The Celebration of Jesus: Luke 10.17–24
The seventy came back exhilarated. ‘Master,’ they said, ‘even the demons obey us in your name!’
‘I saw the satan fall like lightning from heaven,’ he replied. 19‘Look: I’ve given you authority to tread on snakes and scorpions, and over every power of the enemy. Nothing will ever be able to harm you. 20But – don’t celebrate having spirits under your authority. Celebrate this, that your names are written in heaven.’
Then and there Jesus celebrated in the holy spirit. ‘I thank you, father,’ he said, ‘Lord of heaven and earth! You hid these things from the wise and intelligent, and revealed them to babies. Yes, father, that was what you graciously decided. 22Everything has been given me by my father. Nobody knows who the son is except the father, and nobody knows who the father is except the son, and anyone to whom the son wishes to reveal him.’
Jesus then turned to the disciples privately. ‘A blessing on the eyes’, he said, ‘which see what you see! 24 Let me tell you, many prophets and kings wanted to see what you see, and they didn’t see it; and to hear what you hear, and they didn’t hear it!’
What was it like being Jesus? That’s one of the hardest questions for anyone reading the gospels, but this passage gives us some clues.
It’s all too easy for Christians to make the mistake of thinking that he just sailed through life with ease; being divine, we sometimes suppose, meant that he never faced problems, never had to wrestle with difficulties. Of course, the gospels themselves give us a very different picture. Yet we can easily be fooled into thinking of Jesus as a kind of Superman.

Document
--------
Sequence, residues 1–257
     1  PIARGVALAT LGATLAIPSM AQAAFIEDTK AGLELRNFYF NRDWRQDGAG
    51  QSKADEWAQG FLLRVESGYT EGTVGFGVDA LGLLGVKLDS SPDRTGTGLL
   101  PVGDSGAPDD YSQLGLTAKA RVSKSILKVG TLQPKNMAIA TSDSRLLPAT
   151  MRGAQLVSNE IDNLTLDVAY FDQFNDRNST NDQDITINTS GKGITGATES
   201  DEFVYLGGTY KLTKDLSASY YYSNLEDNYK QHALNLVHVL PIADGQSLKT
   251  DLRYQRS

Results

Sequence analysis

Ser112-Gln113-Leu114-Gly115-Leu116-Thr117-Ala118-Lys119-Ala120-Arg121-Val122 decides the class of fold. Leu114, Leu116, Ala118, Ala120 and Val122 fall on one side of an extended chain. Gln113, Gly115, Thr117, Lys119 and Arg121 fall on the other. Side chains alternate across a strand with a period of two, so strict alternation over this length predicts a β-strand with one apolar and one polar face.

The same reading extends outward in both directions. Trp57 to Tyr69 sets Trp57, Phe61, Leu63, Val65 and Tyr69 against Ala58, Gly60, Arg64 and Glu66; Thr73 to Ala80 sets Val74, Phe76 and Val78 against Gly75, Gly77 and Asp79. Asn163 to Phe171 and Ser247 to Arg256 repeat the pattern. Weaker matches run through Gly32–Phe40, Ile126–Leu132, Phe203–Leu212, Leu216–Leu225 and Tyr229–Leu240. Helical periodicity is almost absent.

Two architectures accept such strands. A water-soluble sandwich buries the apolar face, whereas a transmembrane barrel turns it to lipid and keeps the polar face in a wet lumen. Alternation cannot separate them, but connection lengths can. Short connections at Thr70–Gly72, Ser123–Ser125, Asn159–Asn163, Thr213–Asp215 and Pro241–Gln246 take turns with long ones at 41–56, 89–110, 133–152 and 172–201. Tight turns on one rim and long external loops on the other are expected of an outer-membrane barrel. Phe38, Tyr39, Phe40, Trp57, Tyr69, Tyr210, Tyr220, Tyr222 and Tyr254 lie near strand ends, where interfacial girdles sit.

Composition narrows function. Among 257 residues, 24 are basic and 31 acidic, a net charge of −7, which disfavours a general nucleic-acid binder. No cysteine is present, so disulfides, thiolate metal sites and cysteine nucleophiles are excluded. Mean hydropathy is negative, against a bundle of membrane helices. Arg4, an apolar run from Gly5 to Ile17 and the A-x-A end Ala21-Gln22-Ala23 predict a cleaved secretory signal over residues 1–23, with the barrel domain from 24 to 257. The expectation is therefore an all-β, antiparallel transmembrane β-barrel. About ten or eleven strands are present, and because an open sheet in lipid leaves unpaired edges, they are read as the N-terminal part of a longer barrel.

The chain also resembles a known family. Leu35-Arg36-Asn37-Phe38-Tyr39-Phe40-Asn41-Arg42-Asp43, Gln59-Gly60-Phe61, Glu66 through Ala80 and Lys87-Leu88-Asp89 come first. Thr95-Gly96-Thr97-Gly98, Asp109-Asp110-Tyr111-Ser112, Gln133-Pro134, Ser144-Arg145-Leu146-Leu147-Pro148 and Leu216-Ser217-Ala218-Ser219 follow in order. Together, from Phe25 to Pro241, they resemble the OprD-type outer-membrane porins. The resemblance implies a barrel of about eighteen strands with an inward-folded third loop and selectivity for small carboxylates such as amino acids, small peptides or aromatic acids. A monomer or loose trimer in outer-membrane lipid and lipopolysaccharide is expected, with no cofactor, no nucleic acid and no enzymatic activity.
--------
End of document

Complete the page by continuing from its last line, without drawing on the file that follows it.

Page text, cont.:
That sort of understanding might seem, to begin with, to be supported by this passage. Jesus speaks of seeing the satan fall like lightning from heaven. He gives the seventy power over all evil. He celebrates his unique relationship with the father. He speaks of a fulfilment which the great ones of old had longed to see. Surely, we think, this is Jesus the superhero, striding through the world winning victories at every turn, able to do anything at all? And surely, we often think, this Jesus is remarkably irrelevant to our own lives, where we face problems and puzzles and severe tests
of faith, where despite our prayers and struggles things often go just plain wrong?
Luke has no intention of describing Jesus as Superman. The rest of his gospel makes that quite clear, and this passage fits in much better with his overall portrait than with the one we project back from our shallow modern culture. What we find here, in fact, is the unveiling of the true nature of the battle Jesus was facing and fighting.
He has now determined to go to Jerusalem, and a new note of urgency comes in as he sends the seventy ahead of him. The depth of this urgency appears in the discussion, with the seventy, of their role and mission. Jesus began his public career with a private battle against the real enemy; this battle will continue until its last great showdown, as the powers of darkness gather for their final assault (22.53).